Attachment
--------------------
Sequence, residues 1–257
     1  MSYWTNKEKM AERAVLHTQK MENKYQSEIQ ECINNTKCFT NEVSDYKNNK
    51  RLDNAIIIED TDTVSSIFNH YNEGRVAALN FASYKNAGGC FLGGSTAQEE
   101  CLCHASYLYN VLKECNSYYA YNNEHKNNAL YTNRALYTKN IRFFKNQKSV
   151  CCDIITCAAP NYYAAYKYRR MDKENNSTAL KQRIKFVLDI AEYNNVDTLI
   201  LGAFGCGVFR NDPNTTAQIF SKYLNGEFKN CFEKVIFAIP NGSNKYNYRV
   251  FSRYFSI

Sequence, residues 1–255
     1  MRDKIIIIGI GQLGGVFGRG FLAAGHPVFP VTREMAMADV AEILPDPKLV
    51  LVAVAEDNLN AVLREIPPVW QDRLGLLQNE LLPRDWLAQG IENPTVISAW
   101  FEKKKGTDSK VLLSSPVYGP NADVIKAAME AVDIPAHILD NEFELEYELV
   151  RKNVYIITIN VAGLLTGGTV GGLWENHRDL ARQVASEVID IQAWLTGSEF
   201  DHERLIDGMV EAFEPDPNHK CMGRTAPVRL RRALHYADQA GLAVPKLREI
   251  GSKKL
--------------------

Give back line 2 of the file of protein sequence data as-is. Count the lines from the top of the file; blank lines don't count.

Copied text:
     1  MSYWTNKEKM AERAVLHTQK MENKYQSEIQ ECINNTKCFT NEVSDYKNNK